The bus barreled down the road, we passed the miltary base and kept going, I could see the river!
10 minutes later the bus stopped in front of the Hotel Tropical, a beautiful tourist resort located on the Rio Negro. I got off and walked, with my conspicuous rod case, to the river. It was a weekday and the water was calm so I decided to put on my popper. I had heard that peacock bass had been biting around this point last friday and I really wanted to hook into one.
I fished my little Rapala Skitter-Pop as close as I dared to the half submerged trees, near the walls, and out in the open. No bites for an hour. I cast to some trees, twitched it twice and turned my back on it for a few seconds to look for a spot where I could sit. I heard a large splash and looked back just in time to see the popper dissappear. I set the hook and the lure flew at my face. I took several deep breaths. If I missed this cast and hung it up in some trees the fish might spook. I cast very carefully a few feet over the last blow up. I popped it once and BAM!!! I set the hook, FISH ON! Line was flying of my reel so fast it wasnt even funny. I set the drag higher but by then, I noticed that a tree branch was twitching when I pulled. I knew what that meant. The fish was an expert and had tied itself a round a branch. I gave it a few seconds until I felt the tug on my line. I yanked back and dragged it away from the brush. Then it took things aerial. The first jump was spectacular, close to two feet high. But it kept on jumping. after the third time it took things deeper. I fought it back to the surface where it turned on its side. I was on the wall and while I was making it down to the steps that led to the water. I let the line slack. Then it touched a rock and for one last time sped away. The poor little skitter-pop floated to the surface. The peacock bass had had the last trick.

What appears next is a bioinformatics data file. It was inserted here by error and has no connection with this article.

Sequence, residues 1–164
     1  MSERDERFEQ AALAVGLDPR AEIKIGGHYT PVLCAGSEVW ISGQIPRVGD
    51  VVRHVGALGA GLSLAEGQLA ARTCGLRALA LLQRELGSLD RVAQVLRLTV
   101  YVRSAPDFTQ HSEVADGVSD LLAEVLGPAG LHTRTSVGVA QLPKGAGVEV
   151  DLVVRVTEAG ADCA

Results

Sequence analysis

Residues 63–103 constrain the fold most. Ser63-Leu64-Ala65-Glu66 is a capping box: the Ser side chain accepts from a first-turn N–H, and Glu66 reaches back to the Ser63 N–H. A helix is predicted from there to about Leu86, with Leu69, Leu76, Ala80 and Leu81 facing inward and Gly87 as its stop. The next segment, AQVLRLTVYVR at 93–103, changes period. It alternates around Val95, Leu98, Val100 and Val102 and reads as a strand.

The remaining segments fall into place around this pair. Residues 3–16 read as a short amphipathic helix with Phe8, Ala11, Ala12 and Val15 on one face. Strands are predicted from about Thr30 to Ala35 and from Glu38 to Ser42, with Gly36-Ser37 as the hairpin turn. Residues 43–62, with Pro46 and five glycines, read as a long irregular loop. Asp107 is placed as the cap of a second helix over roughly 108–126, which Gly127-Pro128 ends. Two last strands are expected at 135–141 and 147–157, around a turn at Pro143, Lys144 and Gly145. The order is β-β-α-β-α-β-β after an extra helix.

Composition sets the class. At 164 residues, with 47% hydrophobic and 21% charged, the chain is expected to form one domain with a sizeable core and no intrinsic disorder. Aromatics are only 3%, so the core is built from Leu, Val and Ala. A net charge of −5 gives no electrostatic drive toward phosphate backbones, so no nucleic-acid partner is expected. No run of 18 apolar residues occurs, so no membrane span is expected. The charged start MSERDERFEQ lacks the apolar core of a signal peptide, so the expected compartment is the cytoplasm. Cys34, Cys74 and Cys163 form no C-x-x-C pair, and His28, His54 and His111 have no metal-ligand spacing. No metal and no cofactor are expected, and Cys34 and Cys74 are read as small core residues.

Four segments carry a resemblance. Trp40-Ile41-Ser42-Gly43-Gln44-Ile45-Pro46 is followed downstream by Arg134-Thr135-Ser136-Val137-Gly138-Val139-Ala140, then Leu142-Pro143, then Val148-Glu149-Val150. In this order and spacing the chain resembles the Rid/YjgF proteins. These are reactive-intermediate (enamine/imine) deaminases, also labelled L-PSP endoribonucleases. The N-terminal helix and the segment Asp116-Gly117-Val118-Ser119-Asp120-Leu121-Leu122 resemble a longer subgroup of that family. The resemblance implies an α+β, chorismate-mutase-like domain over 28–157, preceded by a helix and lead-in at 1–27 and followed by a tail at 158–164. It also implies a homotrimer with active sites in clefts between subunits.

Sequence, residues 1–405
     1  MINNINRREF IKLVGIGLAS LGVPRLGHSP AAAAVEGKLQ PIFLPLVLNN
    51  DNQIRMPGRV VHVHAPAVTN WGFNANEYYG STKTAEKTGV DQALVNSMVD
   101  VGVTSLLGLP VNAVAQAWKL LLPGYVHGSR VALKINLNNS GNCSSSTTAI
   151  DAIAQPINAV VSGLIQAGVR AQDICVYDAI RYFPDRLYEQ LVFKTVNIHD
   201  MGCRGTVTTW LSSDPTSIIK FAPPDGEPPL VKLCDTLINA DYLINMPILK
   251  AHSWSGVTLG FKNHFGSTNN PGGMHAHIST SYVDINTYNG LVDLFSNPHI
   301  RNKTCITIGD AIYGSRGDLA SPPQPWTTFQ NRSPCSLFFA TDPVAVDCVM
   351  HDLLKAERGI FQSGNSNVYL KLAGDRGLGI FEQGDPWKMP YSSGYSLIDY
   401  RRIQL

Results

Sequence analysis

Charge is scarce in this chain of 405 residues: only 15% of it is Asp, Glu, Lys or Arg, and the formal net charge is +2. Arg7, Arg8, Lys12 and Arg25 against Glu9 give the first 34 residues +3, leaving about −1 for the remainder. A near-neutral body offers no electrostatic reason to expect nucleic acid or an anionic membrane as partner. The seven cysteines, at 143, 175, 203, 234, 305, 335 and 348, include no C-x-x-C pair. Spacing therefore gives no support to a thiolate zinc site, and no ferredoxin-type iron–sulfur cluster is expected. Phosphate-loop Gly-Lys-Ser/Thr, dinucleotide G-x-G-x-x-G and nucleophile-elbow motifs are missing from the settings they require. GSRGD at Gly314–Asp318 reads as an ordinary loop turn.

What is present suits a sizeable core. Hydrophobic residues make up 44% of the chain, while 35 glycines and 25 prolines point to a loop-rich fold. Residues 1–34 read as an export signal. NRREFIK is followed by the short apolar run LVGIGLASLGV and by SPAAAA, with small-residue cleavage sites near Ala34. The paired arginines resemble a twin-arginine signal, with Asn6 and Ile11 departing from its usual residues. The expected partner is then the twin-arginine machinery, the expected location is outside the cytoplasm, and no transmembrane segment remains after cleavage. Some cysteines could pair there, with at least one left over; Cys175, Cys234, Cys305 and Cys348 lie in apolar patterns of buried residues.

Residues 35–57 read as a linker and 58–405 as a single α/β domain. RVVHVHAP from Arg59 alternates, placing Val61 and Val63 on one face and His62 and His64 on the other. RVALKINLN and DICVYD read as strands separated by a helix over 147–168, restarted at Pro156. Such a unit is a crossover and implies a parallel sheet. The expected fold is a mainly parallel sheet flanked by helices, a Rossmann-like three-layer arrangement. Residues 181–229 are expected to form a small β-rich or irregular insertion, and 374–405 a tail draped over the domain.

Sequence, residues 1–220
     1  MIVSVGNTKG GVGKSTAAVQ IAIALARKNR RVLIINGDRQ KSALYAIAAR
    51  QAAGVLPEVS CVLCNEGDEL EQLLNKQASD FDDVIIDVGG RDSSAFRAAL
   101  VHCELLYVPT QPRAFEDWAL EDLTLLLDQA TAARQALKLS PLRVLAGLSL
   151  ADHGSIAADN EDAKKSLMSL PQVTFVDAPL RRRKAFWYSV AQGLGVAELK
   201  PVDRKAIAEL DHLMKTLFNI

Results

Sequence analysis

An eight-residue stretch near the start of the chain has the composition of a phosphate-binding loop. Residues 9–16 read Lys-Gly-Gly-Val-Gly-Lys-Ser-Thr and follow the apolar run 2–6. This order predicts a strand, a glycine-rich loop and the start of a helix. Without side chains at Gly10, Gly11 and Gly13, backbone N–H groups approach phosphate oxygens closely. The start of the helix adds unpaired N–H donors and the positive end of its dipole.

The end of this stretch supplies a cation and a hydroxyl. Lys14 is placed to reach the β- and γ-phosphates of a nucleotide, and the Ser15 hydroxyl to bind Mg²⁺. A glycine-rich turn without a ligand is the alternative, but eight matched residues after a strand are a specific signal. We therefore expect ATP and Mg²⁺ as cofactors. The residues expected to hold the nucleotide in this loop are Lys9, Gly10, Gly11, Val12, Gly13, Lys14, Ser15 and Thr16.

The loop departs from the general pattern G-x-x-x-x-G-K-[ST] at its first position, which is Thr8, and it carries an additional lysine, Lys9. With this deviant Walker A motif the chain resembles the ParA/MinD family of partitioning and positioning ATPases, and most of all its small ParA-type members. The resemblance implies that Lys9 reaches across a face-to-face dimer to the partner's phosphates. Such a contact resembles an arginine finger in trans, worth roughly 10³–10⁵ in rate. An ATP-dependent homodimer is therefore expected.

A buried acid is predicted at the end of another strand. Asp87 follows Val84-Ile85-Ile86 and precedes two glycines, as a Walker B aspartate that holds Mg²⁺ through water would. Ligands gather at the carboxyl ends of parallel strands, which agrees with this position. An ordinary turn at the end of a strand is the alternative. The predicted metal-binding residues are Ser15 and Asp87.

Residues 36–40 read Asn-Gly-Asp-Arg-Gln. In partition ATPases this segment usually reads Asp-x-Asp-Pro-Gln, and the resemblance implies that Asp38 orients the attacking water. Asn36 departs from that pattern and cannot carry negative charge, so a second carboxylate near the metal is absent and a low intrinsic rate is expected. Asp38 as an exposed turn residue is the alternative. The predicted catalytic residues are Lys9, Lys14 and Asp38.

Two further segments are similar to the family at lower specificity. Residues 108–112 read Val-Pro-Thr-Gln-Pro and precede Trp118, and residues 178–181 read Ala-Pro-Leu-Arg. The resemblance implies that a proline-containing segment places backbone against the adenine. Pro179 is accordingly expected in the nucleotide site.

I almost cried. It would have been my largest peacock bass ever at around 21-23 inches and probably close to 3 pounds. It was also the first of that species that I had ever caught. I wasn’t very happy. It could have been worse, though. As it was, I had fought the good fight and had almost conquered it and even if I had caught it and tried to bring it home alive,it probably would have died since I had to go by bus and it would have used up all of the oxygen in the bag at that size. It was a Tucunaré (pronounced Two-coo-na-ré, the r is hard) paca. Cichla temensis or C. orinocensis (I didnt get a good enough look at it.) The body was dark brown and it had yellowish spots all over it.
It looked like the fish in this link and was about the same size